Cumulative exposure to ADHD medication is inversely related to hippocampus subregional volume in children.

TitleCumulative exposure to ADHD medication is inversely related to hippocampus subregional volume in children.
Publication TypeJournal Article
Year of Publication2021
AuthorsFotopoulos NH, Devenyi GA, Guay S, Sengupta SM, Chakravarty MM, Grizenko N, Karama S, Joober R
JournalNeuroimage Clin
Date Published2021
KeywordsAttention Deficit Disorder with Hyperactivity, Brain, Child, Cross-Sectional Studies, Hippocampus, Humans, Magnetic Resonance Imaging

BACKGROUND: Although there is some evidence for a normalization of brain structure following exposure to ADHD medication, literature on the effects of duration and dose of continued use on the brain is scarce. Here, we investigated the association between cumulative exposure to medication (range 1 week to 4.69 years) and cortical structures and subcortical volumes in a clinical sample of children with ADHD taking medication (n = 109). To the best of our knowledge, this is the first structural MRI study investigating the effects of cumulative exposure to medication on subregional volumes in children treated for ADHD.METHODS: Cumulative exposure to ADHD medication (CEM) was defined as the product of duration on medication (days) and dose (mg/day), yielding the area under the curve (total mg). Cortical thickness and surface area measurements (CIVET-1.1.12), and subcortical volumes in 51 regions (MAGeT-Brain) were analyzed using general linear modelling.RESULTS: Significant effects of CEM were found in two subregions of the left hippocampus, the CA1 (df = 95; q = 0.003) and the strata radiatum/lacunosum/moleculare (df = 95; q = 0.003). Specifically, higher CEM was associated with smaller volumes within these subregions. No effects of medication exposure were detected on cortical thickness or surface area.CONCLUSIONS: Although this study is cross-sectional, the results found within this sample of children show that prolonged ADHD medication use at higher doses is significantly associated with smaller hippocampus volumes in specific subregions. More research is required to determine whether these results are reproduced in other samples of children of ADHD, and further, whether these are beneficial or off-target effects of the medication.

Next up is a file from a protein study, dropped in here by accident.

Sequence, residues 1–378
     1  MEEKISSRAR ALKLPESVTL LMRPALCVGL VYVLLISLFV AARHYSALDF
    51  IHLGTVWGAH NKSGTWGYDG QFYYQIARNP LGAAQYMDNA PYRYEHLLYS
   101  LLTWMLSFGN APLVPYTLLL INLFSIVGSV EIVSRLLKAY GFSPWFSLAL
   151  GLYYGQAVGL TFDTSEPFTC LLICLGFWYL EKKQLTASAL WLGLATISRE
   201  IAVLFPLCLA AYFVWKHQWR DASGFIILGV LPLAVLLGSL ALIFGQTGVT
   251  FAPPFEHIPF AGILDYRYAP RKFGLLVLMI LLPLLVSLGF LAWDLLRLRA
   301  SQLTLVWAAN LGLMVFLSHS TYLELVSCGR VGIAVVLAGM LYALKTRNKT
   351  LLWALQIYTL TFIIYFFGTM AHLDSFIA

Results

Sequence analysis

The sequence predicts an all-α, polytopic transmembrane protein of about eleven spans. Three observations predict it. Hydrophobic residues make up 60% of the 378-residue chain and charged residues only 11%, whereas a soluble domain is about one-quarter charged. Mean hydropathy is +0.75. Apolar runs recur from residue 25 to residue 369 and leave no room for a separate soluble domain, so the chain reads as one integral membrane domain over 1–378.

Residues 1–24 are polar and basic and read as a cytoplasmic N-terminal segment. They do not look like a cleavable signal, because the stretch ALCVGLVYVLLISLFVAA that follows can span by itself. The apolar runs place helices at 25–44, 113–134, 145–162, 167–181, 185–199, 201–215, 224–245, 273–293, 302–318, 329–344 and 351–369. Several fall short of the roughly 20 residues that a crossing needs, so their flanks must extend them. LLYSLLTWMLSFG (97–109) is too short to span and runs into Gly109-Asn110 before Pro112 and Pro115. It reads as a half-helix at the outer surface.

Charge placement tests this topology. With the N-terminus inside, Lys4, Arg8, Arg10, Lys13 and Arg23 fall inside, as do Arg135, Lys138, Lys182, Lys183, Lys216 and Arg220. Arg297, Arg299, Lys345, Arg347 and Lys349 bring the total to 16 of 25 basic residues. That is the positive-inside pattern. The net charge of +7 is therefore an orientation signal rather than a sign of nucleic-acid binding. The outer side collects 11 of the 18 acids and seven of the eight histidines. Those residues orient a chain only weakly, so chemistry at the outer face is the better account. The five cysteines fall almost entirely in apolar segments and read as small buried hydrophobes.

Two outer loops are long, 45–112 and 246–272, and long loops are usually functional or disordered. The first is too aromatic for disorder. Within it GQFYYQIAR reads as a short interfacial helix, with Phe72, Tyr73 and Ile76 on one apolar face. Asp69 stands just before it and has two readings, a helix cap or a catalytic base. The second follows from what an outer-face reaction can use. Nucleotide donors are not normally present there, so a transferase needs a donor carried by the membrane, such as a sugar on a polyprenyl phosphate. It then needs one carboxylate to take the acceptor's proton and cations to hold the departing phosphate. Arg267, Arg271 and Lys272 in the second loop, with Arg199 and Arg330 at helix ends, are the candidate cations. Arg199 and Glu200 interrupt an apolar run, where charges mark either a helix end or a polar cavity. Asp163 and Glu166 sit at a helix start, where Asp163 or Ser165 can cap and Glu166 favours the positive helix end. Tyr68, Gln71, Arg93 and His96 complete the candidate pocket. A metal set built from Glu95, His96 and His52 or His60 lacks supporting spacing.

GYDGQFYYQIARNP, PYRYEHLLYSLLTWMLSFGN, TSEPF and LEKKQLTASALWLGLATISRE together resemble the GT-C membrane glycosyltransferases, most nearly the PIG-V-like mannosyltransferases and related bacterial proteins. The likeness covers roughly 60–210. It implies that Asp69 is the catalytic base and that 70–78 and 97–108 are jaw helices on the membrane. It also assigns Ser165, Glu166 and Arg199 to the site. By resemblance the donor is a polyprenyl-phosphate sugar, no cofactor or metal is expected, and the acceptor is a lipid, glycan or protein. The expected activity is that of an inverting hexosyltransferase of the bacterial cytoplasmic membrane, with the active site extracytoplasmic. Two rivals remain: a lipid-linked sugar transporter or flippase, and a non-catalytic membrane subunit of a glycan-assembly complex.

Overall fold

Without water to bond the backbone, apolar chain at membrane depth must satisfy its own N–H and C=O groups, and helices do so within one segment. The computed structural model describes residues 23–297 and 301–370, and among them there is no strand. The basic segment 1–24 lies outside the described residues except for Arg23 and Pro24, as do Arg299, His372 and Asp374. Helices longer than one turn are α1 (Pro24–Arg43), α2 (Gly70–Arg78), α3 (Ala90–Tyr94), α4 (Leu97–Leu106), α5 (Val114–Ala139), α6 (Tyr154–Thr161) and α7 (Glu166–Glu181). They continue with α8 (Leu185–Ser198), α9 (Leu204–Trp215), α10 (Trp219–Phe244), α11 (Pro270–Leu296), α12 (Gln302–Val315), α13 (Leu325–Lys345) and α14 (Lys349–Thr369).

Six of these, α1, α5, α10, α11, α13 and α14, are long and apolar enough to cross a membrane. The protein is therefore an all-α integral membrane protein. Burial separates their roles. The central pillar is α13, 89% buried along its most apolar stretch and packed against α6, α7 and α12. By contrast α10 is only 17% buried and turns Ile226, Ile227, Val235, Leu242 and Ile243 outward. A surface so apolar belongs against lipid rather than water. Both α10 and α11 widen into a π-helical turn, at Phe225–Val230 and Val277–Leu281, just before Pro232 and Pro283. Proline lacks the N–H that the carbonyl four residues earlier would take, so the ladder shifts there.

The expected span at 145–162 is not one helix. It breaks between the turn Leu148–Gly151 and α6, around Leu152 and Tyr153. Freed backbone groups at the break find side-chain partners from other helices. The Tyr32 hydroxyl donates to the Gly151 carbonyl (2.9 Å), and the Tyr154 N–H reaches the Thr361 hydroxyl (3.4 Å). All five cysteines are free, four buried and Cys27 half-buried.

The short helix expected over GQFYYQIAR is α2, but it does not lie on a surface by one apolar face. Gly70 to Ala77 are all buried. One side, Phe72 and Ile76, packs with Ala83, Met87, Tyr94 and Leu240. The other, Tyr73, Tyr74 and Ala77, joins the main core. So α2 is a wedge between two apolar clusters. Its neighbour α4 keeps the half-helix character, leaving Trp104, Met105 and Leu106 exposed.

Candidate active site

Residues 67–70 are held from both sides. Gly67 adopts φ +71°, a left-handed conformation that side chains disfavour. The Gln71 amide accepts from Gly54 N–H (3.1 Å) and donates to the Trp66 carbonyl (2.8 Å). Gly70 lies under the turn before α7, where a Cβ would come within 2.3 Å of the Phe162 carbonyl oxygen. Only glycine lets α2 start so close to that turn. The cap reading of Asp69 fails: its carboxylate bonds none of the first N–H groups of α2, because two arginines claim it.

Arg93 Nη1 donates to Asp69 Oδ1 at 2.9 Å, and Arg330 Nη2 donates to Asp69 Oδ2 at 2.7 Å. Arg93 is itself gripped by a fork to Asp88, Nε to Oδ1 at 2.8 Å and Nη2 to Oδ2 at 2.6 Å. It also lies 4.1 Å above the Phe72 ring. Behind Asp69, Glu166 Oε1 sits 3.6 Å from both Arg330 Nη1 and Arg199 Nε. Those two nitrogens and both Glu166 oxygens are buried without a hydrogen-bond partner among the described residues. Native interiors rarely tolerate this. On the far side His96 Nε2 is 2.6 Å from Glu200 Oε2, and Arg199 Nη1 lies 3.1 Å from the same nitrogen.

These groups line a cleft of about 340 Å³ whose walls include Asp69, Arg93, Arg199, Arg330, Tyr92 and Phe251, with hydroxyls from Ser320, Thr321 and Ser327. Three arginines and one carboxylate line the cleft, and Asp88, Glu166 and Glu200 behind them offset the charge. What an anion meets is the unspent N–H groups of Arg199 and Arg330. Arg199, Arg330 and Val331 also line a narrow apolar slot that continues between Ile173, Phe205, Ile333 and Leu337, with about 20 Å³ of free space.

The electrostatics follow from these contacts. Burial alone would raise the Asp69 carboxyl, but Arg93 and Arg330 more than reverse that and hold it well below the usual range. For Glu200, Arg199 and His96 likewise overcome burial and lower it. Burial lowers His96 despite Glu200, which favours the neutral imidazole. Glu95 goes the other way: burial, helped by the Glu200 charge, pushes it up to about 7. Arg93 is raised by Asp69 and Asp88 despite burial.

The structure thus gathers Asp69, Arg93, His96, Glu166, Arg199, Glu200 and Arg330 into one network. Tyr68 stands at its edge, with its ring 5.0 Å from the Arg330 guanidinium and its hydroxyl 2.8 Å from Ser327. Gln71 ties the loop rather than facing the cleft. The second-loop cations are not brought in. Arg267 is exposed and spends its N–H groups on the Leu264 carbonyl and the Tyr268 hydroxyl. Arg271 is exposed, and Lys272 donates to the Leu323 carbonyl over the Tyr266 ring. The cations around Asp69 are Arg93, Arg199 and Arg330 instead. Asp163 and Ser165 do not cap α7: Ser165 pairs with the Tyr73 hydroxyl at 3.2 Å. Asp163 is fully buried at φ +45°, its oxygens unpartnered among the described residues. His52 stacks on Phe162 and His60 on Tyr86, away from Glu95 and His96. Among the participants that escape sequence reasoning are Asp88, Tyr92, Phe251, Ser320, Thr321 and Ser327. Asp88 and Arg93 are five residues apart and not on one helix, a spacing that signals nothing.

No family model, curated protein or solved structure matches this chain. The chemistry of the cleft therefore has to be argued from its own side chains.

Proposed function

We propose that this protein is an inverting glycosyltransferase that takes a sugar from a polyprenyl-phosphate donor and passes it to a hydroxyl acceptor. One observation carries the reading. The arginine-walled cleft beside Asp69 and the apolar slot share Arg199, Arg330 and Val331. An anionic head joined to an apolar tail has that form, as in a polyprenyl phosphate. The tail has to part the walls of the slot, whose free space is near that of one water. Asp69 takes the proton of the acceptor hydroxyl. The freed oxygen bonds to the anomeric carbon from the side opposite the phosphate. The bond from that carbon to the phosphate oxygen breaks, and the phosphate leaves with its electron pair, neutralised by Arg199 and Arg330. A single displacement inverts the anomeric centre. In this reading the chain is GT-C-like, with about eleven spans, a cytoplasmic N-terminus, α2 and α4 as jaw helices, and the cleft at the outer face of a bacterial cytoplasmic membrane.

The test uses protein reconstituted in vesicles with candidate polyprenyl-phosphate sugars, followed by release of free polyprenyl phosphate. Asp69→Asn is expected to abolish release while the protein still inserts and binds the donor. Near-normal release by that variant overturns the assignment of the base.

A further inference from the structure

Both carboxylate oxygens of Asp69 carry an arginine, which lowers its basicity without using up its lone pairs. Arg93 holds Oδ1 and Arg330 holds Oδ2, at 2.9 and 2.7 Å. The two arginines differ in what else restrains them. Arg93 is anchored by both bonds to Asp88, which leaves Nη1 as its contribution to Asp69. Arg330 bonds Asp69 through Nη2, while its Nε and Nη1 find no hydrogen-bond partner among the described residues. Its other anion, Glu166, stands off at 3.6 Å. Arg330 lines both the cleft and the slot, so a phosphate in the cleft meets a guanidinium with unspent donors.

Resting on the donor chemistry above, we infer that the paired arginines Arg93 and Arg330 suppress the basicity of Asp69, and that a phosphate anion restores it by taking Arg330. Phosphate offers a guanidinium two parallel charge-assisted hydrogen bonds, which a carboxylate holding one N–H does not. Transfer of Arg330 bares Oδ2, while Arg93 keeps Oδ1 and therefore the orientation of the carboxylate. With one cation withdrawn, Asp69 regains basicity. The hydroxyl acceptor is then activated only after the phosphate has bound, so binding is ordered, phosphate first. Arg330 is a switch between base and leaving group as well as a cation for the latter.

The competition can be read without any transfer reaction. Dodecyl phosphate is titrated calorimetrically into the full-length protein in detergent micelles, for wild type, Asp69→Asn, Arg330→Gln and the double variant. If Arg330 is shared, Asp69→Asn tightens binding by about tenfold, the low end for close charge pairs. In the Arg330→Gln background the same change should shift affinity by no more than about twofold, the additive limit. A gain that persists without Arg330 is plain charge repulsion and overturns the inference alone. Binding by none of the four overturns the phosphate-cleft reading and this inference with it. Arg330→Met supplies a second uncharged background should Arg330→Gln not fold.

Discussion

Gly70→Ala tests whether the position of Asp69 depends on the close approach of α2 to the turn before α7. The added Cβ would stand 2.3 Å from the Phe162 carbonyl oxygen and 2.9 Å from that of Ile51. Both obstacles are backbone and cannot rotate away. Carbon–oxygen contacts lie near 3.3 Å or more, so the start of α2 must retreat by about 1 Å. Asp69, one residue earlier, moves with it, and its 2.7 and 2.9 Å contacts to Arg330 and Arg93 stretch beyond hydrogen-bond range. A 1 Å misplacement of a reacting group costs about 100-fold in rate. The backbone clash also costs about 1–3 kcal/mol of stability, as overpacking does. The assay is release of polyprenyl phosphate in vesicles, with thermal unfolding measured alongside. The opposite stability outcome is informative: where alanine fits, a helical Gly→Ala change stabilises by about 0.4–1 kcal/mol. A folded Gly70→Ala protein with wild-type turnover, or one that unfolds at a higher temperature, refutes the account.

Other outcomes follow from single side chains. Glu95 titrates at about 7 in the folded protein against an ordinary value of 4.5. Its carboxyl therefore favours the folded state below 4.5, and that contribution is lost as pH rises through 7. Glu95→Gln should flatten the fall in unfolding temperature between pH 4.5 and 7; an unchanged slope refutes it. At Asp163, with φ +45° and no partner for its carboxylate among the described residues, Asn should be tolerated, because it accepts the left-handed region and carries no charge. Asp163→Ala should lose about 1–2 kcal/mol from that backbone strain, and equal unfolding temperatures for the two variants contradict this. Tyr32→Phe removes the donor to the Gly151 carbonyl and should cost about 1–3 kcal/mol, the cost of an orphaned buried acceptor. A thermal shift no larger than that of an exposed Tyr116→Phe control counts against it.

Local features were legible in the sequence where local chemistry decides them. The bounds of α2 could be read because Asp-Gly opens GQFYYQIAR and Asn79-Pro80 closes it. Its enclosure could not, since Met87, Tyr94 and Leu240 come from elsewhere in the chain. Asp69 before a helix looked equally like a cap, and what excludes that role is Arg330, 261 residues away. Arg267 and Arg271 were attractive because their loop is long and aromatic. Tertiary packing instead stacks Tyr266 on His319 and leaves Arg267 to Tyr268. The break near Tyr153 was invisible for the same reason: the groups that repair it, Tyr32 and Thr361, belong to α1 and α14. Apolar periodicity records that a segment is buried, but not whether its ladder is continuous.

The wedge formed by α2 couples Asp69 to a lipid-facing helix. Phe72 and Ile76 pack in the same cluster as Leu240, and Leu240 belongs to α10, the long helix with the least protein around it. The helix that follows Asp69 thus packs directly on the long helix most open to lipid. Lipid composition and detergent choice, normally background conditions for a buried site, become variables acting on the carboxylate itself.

Alternate JournalNeuroimage Clin
PubMed ID34015673
PubMed Central IDPMC8141923
Grant List / / CIHR / Canada